Target Corp. is asking a federal judge to throw out claims by banks that had to deal with the consequences of a data breach that compromised at least 40 million credit-card accounts.
Banks alleged the incursion forced them to reissue credit and debit cards, monitor accounts for fraudulent activity and reimburse those victimized, all while coping with decreased use of affected cards at the height of last year's holiday shopping season.
Five lenders, arguing on behalf of a proposed group including every financial institution whose customers made Target purchases in 2013 from Nov. 1 to Dec. 19, say they collectively sustained damages of at least $5 million.
The retailer is scheduled today to ask U.S. District Judge Paul Magnuson in St. Paul, Minnesota, to reject the case, arguing it dealt with the banks only through intermediaries, credit card companies, and had no obligation to protect them.
The argument comes a week before Black Friday, the unofficial start of the post-Thanksgiving holiday shopping season in the U.S. and a week after the hardware emporium Home Depot Inc. disclosed that 53 million e-mail addresses were taken by hackers in a breach it reported in September that also put 56 million payment cards at risk.
High-end retailer Neiman Marcus Group Ltd. and Sears Holdings Corp.'s discount chain Kmart have also been struck by hackers. Staples Inc., the world's biggest office-supply chain last month said it too may have been attacked. As of Nov. 19, it couldn't fully assess the damage, according to a filing with the U.S. Securities and Exchange Commission.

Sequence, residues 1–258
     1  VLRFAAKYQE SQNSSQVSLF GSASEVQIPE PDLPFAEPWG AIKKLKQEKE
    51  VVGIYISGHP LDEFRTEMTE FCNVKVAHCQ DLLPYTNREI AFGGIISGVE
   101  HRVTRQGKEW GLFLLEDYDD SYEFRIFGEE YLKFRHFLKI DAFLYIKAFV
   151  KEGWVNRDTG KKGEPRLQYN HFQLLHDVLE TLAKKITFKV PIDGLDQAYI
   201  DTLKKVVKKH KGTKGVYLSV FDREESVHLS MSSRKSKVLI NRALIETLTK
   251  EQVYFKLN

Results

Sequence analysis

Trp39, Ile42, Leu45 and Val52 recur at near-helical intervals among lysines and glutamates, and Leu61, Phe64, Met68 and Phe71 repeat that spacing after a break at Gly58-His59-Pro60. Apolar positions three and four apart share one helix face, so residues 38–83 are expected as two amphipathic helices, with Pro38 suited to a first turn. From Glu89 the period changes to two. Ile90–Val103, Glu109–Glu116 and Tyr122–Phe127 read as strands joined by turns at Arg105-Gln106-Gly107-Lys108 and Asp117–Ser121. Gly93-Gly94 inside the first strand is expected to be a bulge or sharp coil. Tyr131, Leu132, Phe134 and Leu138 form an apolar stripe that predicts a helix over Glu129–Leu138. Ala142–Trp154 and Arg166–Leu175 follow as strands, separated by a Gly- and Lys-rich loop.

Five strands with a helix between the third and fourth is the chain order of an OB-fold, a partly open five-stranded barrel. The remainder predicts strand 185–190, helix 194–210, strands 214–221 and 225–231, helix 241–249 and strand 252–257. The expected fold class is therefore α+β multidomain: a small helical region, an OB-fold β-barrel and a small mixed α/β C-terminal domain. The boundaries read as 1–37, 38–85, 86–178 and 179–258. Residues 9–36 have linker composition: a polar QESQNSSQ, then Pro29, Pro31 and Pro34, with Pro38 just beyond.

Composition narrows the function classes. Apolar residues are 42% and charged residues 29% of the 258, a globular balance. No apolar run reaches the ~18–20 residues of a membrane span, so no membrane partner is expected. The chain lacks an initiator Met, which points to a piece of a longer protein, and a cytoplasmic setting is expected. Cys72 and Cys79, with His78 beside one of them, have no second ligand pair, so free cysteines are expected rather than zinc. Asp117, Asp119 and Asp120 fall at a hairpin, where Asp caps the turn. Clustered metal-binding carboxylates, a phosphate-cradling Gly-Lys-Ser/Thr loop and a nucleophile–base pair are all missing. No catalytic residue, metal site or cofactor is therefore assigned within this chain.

Target, based in Minneapolis, said personal information including addresses and phone numbers of as many as 110 million people might have been obtained by hackers last year.
The company, which this month hired a new chief risk and compliance officer, Jacqueline Hourigan Rice, is scheduled to argue on Dec. 11 for dismissal of consumer claims arising from its data breach.
The banks suing Target contend the company is trying to duck blame for its failure to safeguard card data.
"Target's gross security deficiencies enabled the breach, and Target's inaction and omissions worsened the breach's effect on plaintiffs," the lenders said in a court filing.
The banks are relying in part on a Minnesota law — the Plastic Card Security Act — to support their claim that Target had a duty to shield them. The retailer contends the lenders aren't covered by the measure.
The law prohibits the company from retaining certain card data after a sale is completed.
Target's lawyers say the data theft happened at the point of sale and that the statute doesn't apply. Bank attorneys counter the company has said it retained card data and that the retailer voluntarily disabled data system security functions that would have detected the breach.
The five banks leading the suit are Roseburg, Oregon-based Umpqua Bank; Whitman, Massachusetts-based Mutual Bank; CSE Federal Credit Union of Lake Charles, Louisiana; St. Francis, Minnesota-based Village Bank; and First Federal Savings of Lorain, in Lorain, Ohio.
The case is In re: Target Corporation Customer Data Security Breach Litigation, 14-md-2522, U.S. District Court, District of Minnesota (St. Paul).
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